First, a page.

Why Italy’s sleek kitchens are more profitable abroad than at home

While design aficionados flock to Milan from around the globe for the world's largest furniture fair, Italy's kings of kitchen style are looking beyond its borders to beat a sluggish domestic market.

Why Italy's sleek kitchens are more profitable abroad than at home
An Ernestomeda kitchen on display at the Salone del Mobile in Milan. Photo: Miguel Medina/AFP

As the six-day Salone del Mobile got under way in Italy's fashion capital on Tuesday, the country's kitchen design industry was celebrating a 3.2 percent growth in exports last year.

The event hosts more than 2,450 exhibitors, of whom nearly a quarter are foreign. Last year, it attracted around 300,000 visitors from 165 countries.

The €779 million generated by the kitchen sector is behind only Germany and China.

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Consultancy firm Bain & Company estimates that the global design market grew four percent in 2017 to €35 billion, a figure that is destined to triple over the next ten years.

Milan's Centre for Industrial Studies (CSIL) says global kitchen exports are expected to reach $6.7 billion in 2021, an increase of about 20 percent from 2016.

And with the country slowly emerging from the global financial crisis, companies are capitalizing on Italy's reputation for style abroad to give themselves a place at the table.

“We realized [during the crisis] that it was time for us to focus on exports,” Paolo Zampieri, head of Zampieri Cucine, a small company that employs 34 people.

“The domestic market was once more than enough, but the purchasing power in our country has diminished and the competition is very strong.”

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The 'hot dog sofa', designed by by Studio Job for Seletti, on show in Milan. Photo: Miguel Medina/AFP

The crisis has sped up the concentration of the sector.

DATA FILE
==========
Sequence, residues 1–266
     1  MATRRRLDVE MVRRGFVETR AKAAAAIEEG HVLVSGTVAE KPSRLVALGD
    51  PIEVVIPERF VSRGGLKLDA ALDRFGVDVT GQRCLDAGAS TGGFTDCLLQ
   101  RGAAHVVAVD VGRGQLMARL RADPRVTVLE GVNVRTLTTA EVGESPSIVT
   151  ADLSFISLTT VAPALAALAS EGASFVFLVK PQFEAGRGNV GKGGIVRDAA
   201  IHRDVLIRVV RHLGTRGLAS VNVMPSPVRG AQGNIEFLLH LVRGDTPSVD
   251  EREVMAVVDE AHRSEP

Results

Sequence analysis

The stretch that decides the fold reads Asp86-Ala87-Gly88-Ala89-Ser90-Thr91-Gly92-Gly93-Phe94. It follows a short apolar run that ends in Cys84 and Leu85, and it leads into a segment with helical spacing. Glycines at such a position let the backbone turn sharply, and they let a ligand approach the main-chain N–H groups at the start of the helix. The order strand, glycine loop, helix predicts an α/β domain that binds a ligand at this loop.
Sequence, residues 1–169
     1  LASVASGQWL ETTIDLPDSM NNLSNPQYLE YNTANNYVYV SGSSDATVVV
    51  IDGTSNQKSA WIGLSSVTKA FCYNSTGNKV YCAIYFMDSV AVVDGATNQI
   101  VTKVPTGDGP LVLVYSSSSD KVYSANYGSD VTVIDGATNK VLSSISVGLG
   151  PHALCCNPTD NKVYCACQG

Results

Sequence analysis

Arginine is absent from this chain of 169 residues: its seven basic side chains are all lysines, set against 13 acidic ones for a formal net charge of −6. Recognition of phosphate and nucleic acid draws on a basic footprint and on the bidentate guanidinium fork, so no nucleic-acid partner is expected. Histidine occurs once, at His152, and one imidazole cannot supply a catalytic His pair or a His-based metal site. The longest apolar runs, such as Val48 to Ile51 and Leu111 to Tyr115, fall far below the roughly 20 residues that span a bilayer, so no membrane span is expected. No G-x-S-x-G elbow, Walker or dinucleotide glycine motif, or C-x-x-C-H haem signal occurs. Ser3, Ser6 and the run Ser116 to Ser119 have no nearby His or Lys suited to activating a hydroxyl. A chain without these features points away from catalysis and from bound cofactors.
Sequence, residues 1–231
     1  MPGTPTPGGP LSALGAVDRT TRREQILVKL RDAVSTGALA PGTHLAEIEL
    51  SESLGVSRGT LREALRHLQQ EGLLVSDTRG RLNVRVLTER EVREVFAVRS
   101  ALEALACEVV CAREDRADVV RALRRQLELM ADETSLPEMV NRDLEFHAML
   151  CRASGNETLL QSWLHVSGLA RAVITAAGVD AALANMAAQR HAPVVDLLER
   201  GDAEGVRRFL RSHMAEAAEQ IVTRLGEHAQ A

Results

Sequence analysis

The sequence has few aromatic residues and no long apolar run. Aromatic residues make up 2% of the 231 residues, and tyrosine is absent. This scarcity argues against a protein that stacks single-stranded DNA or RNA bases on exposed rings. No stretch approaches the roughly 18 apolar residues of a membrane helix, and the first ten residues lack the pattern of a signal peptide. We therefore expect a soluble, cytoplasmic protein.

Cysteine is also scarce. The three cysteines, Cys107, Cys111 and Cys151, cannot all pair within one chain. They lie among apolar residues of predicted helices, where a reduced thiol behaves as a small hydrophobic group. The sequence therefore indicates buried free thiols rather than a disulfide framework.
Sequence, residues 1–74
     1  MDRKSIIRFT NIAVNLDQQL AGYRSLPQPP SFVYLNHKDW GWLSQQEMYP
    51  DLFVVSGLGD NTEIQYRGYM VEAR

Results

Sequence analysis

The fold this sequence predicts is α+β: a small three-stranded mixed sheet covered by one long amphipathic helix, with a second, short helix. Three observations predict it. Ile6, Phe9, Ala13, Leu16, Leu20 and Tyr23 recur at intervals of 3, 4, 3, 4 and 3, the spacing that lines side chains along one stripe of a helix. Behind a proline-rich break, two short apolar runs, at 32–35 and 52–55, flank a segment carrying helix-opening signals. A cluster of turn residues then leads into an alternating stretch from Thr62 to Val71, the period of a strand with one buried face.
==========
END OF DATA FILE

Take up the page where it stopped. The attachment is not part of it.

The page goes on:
“Twenty years ago, there were 300 kitchen companies in Italy, today there are around 100. Six companies account for around half of production and 30 percent of exports,” CSIL research director Aurelio Volpe told AFP.

After being almost invisible abroad for the best part of a decade, exports account for 35 percent of Zampieri Cucine's sales.

The company is experiencing double-digit growth and others in the sector are benefitting from a more outward outlook.

“These companies have found a release valve in the export market. Even small businesses have found niches abroad,” says Volpe.

Veneta Cucina at the Salone del Mobile. Photo: Miguel Medina/AFP

Veneta Cucine is one of Italy's big six, and group controller Denise Archiutti says that the “companies that have managed to survive the crisis have become bigger, more productive and more technologically flexible”.

“Production logic has changed, with increasingly personalized products made to measure and at the moment of order,” she adds.

France is the industry's largest export market – as it is for the furniture sector as a whole – and where last year it saw a 10.7 percent increase in sales, followed by the United States and Switzerland.

Volpe notes that Italy is playing to a more refined market than number-one exporter China, which mostly sells low-cost kitchens to the United States.

Meanwhile Volpe says that Italian exports to China “have recorded an increase of 50 percent in a year.” 

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Photo: Sophie Mignon/AFP

By Céline Cornu


Romanian billionaire and seven others die in Milan plane crash

A light aircraft piloted by Romanian billionaire Dan Petrescu crashed into an empty office building near Milan on Sunday, killing him, his wife and son, and all five others aboard.

Police and rescue teams outside the office building where a small plane crashed in the Milan suburb of San Donato.
Police and rescue teams outside the office building where a small plane crashed in the Milan suburb of San Donato on October 3rd. Photo: Miguel Medina/AFP

The single-engine Pilatus PC-12 had taken off from Milan’s Linate airport shortly after 1pm headed for Olbia in the north of the Italian island of Sardinia.

It crashed just a few minutes later into a building in San Donato Milanese, a town southeast of Milan, according to aviation agency ANSV, which has opened an investigation.

Witnesses said the plane was already in flames before it crashed into an office building undergoing renovations.

Petrescu’s 65-year-old wife, who also had French nationality, and their son Dan Stefano, 30, were killed.

Italian media identified the other passengers as entrepreneur Filippo Nascimbene, a 33-year-old from Lombardy, with his wife, young son and mother-in-law, who have French nationality.

Petrescu, 68, was one of Romania’s richest men. He headed a major construction firm and owned a string of hypermarkets and malls. He also held Germany nationality, the Corriere della Sera newspaper reported.

Flames engulfed the two-storey building, next to the yellow line subway terminus.

“The impact was devastating,” Carlo Cardinali, of the Milan fire brigade, told news agency Ansa.

Deputy prosecutor Tiziana Siciliano was quoted by Corriere as saying that the plane’s black box had been recovered.